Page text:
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Revitalizing Endangered Languages

Edited by Justyna Olko & Julia Sallabank

Revitalizing Endangered Languages "This guidebook provides ideas and strategies, as well as some background, to help with the effective revitalization of endangered languages. It covers a broad scope of themes including effective planning, benefits, wellbeing, economic aspects, attitudes and ideologies."

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Dissertation Information

Title: Topics in the Vowel Phonology of Korean Add Dissertation
Author: Yongsung Lee Update Dissertation
Email: click here to access email
Institution: Indiana University Bloomington
Completed in: 1993
Linguistic Subfield(s): Phonology;
Subject Language(s): Korean
Director(s): Stuart Davis
Daniel Dinnsen
Robert Port

Abstract: The aim of this study is broadly twofold: in the first part, I present recent theoretical developments dealing with the nature of phonological representations. Based on data from various languages, I propose a monovalent feature system, feature underspecification, a feature geometry model with a branching place node, and a moraic syllable structure. In the second part of the study I apply these to the vowel phonology of Korean. It is shown that with the single- valued feature system and syllable structure motivated in the first part, a comprehensive and consistent analysis can be offered to different aspects of Korean vowel phonology.

It is shown that the on-glide in Korean is an onset segment rather than a nucleus segment. Vowel harmony in Korean is analyzed as the spreading of the feature-size morpheme [RTR] under the condition of tongue position node adjacency and an attempt is made to relate the idiophone vowel harmony to the vowel harmony in verb suffixation. Moreover, the study clearly shows that umlaut in Korean can be explained by the spreading of [coronal] from the high front vowel to the target across consonants: the blocking effect that some of the intervening consonants display is dealt with consistently without abandoning feature geometry or underspecification theory. It is also argued that vowel merger and /i/ deletion in Korean can be explained by adopting weightless vowels, given the hierarchical representation of features and syllables.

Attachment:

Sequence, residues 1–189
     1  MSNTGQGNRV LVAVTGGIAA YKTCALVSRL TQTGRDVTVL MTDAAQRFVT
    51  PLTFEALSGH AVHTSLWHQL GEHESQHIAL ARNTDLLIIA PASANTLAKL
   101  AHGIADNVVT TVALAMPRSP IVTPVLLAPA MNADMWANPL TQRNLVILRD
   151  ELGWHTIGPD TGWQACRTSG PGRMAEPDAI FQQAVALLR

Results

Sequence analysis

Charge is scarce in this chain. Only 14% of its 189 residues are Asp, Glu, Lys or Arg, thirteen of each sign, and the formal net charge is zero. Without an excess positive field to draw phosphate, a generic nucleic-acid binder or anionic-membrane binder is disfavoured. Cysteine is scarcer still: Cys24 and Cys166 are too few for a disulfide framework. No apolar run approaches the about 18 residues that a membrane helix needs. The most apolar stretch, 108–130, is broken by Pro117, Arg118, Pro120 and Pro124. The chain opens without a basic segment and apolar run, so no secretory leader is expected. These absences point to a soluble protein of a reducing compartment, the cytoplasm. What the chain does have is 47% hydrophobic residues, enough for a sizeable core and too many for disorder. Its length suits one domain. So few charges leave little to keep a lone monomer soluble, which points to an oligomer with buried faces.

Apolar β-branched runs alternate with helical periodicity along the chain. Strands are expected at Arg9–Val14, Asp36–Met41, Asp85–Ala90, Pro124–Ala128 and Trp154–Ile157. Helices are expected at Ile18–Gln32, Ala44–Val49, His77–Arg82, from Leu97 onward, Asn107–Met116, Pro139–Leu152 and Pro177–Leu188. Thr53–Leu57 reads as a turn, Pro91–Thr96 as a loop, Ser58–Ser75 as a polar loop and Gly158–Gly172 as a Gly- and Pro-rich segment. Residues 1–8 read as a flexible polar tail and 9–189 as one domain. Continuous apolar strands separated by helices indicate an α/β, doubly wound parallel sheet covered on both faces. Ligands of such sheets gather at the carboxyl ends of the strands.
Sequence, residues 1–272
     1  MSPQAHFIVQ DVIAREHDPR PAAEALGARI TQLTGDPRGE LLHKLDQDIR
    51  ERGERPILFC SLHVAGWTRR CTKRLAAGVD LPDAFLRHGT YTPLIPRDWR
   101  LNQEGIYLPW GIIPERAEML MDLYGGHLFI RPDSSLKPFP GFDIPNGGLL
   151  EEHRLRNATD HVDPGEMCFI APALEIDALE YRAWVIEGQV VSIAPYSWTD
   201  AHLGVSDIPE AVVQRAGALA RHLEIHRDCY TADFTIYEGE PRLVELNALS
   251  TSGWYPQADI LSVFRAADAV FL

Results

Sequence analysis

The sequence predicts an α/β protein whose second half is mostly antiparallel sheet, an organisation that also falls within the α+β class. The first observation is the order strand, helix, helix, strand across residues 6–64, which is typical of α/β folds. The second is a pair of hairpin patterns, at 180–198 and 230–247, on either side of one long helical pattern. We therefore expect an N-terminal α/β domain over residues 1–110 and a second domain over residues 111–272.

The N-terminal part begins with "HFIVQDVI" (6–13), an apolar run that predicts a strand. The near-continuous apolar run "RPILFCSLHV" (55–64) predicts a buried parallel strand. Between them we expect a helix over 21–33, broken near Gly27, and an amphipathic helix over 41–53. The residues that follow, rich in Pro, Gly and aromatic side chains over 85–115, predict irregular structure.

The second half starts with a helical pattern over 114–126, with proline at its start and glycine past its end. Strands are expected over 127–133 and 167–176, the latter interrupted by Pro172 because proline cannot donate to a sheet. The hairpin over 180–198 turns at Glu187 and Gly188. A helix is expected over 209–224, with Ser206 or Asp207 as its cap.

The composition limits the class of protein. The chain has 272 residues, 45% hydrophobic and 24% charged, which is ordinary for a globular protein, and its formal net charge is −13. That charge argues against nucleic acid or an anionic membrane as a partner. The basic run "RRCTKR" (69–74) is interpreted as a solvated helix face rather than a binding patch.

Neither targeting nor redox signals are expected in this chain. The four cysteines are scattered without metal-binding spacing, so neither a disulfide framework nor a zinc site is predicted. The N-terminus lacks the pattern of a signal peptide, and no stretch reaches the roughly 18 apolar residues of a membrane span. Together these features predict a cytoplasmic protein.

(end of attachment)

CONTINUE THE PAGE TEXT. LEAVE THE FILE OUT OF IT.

The focus of the discussion in this dissertation is to see how the different modes of representation interact with one another in the phonological phenomena in Korean that involve vowels. More emphasis is laid on the modes of representation than on the interaction of rules and rule ordering. Thus it is shown that the problems and exceptions of previous analyses of Korean vowel phonology can be dealt with within the theoretical frameworks presented in the first part of the dissertation.